Walnut is for the animal having difficulty adapting to new circumstances. Aspen is used to give courage to the apprehensive animal with a fear of the unknown, and it combines well with walnut for the animal entering a new household. If the animal is nearly hysterical with terror, rock rose will calm him and give him courage. Honeysuckle will help the animal adjust to his present circumstances. For the animal who is trying to remain calm on the outside but is showing subtle signs of distress—panting, rapid heart rate, a worried look—use agrimony.
There are also some remedies that can be used to help normalize behavior problems (problems that might be the reason the animal was taken to the pound in the first place).
Vervain is for the overenthusiastic, impulsive, hyperactive critter. Cherry plum is used to help control animals with compulsive behavior, especially those with extreme fear or recurring phobias. Impatiens helps those with irritable impatience, and heather is good for the loud, noisy, inattentive critter.
I often recommend flower essences for the pets’ owners, too. Many of them can benefit from Rescue Remedy just prior to bringing their pet to our clinic. Another example might be vine, used for the aggressive, dominant animal—two-legged or four-legged. If I see an animal who could use aspen to help him or her gain courage, I think of the possibility that vine might help his owner become less aggressive when dealing with his pet.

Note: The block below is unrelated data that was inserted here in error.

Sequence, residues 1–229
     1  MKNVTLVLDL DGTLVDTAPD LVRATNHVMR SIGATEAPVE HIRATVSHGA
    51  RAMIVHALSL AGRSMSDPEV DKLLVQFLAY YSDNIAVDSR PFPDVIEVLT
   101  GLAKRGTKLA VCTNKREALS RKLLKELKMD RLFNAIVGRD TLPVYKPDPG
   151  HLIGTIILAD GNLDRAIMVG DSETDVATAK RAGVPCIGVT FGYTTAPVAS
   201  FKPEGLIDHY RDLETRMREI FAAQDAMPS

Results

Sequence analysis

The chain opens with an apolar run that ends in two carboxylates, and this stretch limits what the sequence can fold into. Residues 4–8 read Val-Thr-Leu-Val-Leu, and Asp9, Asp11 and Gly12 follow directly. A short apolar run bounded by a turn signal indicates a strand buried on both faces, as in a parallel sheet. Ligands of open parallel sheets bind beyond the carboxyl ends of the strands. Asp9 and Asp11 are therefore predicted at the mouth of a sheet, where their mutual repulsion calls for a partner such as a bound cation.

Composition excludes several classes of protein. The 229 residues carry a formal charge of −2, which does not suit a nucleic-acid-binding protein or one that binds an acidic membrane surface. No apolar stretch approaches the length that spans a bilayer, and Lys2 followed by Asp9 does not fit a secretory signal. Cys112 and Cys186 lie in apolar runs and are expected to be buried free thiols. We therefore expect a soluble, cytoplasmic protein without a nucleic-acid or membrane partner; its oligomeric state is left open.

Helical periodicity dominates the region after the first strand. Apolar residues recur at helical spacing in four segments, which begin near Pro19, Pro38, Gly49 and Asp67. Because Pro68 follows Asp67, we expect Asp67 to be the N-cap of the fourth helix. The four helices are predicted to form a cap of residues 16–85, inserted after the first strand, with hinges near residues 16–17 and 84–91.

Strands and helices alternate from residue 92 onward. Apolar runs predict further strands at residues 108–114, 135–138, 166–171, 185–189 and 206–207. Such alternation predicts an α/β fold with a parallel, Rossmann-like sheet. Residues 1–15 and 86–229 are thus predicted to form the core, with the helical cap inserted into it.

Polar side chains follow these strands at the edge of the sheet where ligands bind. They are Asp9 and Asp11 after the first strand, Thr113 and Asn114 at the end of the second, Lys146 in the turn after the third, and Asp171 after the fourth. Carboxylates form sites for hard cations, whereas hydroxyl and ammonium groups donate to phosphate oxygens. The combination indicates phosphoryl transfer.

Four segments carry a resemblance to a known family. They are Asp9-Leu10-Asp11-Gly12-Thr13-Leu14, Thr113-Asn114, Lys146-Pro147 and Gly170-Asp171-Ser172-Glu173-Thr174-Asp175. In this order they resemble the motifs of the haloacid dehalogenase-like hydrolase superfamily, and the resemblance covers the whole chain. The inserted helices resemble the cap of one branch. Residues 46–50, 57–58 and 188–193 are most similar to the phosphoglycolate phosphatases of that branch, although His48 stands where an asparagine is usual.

Another gentle way to ease your pet into his new home is to use aromatherapy. There’s no need to adapt your pet’s taste buds—simply spread the aroma throughout your house. There are several ways to infuse the fragrance: candles, incense, or mechanical diffusers that mist the odor into the air. A more direct way is to put a few drops of the essential oil onto a bandanna neck wrap for a dog, or a few drops onto a cotton ball that is placed under your pet’s bed. Never apply essential oils directly to your pet’s fur.
There are several oils that are particularly good for animals. Lavender is used to help relax agitated animals so they can get a good night’s sleep. Sweet marjoram is good to ease depression, anxiety, and distress, and it’s also helpful for sleep. For anxiety, depression, and distress, basil can be added to the aroma mix, as can neroli and chamomile.
By Randy Kidd
Randy Kidd holds doctorates in veterinary medicine and veterinary and clinical pathology. After practicing traditional veterinary medicine for ten years, he opened Honoring the Animals, a holistic practice in Kansas City, Missouri.
Information provided in “Natural Remedies For Rescued Pets” is not intended to replace the advice of a qualified veterinarian.